Cornwall Council is considering options to help balance the books at the loss-making Newquay Airport, including making it a rock concert venue, the BBC has reported.
UKIP councillor, Harry Blakeley, suggested that the airport could be converted into a concert venue, and could also host go-kart racing and other activities.
The suggestion comes as passenger numbers at the airport fell for a fifth year in a row last year, to 174,000, down from 431,000 in 2008/9.
A former military base, the airport had a major setback when Ryanair and Air Southwest withdrew their flights in 2011. The airport’s link with Gatwick is also set to end in the autumn when Flybe ends its operations, after saying that the service is not viable.
While Cornwall Council, the airport’s owner, said that space was limited at the airport, Councillor Blakeley said it was ‘big enough’ for concerts. He also suggested kite boarding.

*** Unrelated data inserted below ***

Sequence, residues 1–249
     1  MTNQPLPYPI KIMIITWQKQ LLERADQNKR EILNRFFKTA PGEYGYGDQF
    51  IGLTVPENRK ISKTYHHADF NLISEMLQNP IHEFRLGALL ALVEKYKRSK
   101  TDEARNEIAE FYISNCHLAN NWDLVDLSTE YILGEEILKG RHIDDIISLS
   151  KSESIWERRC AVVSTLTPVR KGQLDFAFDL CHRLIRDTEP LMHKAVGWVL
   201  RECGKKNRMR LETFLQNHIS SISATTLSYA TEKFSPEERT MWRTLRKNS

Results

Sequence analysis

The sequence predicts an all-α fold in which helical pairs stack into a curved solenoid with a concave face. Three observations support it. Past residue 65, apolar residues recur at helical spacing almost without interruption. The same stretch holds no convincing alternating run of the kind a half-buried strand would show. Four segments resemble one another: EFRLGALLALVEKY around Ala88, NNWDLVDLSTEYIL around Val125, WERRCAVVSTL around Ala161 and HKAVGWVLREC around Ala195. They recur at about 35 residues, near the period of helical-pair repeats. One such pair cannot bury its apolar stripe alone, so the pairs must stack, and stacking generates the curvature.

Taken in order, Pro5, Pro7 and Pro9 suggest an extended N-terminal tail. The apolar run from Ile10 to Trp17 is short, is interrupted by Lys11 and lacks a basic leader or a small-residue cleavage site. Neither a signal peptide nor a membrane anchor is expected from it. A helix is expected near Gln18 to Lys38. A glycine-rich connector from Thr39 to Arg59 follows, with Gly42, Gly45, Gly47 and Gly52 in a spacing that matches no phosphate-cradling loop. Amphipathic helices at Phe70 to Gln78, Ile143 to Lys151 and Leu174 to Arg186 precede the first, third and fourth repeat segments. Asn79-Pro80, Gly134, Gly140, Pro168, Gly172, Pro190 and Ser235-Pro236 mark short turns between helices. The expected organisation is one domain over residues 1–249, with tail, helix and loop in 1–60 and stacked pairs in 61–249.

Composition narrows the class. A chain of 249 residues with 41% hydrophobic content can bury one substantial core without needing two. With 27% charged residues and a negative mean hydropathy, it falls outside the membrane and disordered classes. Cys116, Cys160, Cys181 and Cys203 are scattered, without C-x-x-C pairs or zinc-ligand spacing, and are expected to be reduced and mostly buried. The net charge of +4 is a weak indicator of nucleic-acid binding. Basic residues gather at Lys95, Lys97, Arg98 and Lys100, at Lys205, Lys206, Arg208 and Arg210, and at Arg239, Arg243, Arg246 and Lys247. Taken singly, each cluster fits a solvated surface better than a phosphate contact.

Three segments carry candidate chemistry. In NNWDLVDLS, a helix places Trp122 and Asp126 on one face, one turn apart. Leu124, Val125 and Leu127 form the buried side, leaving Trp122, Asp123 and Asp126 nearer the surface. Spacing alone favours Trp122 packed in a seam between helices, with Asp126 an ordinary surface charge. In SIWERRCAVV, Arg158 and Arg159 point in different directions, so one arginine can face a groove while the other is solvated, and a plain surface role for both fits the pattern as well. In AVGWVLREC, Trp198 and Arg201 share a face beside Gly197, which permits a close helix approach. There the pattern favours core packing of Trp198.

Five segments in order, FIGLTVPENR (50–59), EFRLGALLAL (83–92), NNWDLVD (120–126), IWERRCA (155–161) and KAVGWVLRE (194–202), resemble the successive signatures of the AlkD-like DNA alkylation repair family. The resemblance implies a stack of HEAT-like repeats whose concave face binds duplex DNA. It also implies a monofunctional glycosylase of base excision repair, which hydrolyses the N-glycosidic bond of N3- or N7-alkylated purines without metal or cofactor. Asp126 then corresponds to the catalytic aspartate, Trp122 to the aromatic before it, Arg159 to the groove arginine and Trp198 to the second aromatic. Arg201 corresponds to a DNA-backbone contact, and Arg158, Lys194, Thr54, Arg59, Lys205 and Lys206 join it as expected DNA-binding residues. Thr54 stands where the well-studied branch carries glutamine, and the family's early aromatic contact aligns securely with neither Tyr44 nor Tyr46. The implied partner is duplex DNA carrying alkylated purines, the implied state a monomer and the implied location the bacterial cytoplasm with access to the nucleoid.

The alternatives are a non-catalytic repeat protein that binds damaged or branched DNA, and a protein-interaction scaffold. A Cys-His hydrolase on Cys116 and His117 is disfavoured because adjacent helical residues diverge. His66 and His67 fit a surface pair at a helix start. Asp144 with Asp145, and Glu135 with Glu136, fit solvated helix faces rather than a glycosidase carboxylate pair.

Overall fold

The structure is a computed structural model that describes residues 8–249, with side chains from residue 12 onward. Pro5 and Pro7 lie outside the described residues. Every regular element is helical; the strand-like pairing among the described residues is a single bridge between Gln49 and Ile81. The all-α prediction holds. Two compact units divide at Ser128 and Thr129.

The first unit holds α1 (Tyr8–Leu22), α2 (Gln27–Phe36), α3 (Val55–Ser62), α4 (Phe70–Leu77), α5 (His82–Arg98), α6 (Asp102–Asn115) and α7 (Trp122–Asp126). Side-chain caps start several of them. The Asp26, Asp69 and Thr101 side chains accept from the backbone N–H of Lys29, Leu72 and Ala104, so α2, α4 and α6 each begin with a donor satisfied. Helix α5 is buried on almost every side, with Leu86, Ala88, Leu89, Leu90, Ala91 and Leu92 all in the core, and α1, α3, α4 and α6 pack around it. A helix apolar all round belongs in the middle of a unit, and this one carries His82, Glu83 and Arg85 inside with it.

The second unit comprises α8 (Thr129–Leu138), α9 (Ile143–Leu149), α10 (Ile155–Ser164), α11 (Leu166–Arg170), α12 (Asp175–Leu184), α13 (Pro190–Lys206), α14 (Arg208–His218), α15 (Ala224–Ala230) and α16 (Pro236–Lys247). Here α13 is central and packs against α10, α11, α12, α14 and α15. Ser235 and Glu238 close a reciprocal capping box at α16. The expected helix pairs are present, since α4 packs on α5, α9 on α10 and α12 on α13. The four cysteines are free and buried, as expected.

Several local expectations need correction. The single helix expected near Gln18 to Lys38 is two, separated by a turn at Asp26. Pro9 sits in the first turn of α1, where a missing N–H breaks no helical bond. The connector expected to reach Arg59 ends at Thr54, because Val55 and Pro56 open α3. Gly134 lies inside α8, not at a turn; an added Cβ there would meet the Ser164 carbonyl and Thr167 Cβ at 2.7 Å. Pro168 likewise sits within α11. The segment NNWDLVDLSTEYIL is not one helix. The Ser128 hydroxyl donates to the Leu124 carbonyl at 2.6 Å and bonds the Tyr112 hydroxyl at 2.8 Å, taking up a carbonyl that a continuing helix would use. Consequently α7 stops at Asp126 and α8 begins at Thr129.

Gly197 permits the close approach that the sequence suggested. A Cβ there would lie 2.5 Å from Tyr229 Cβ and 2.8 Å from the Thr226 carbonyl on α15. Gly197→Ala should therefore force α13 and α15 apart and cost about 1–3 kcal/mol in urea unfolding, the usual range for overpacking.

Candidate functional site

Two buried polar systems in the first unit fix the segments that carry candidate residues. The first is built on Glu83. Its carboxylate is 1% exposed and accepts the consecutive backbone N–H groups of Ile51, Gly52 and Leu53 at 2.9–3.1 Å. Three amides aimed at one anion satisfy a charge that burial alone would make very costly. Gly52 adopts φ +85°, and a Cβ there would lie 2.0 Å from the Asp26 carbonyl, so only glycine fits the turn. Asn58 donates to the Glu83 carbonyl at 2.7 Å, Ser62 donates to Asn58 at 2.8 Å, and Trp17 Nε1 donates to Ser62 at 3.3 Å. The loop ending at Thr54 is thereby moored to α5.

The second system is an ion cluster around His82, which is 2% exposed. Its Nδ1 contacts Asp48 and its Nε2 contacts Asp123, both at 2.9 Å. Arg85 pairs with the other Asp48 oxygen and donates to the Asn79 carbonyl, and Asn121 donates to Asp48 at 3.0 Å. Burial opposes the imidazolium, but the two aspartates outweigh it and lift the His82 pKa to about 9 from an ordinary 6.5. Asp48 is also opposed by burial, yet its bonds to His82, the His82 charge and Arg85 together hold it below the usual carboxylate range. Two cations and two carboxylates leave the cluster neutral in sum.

Councillor Adam Paynter, cabinet member for partnerships, which helps oversee the airport, said they would consider the proposal.
However, Paynter added: ‘The total acreage is about 861 acres – it is a big area but a lot is the Enterprise Zone which is 650 acres and 231 acres is development land, occupied by commercial companies and 87 acres is the solar park.
‘We also get paid by the government to stay open as an emergency airfield. The runway is one of the largest in the country so any plane can land there.’
Health and safety problems make it very difficult for the airport to host thousands of people at a concert, he said, adding: ‘The difficulty is keeping people apart from the commercial activities.’
The airport has already hosted car shows, eco-car races, police driver training and has been used for filming TV and commercials, the report noted.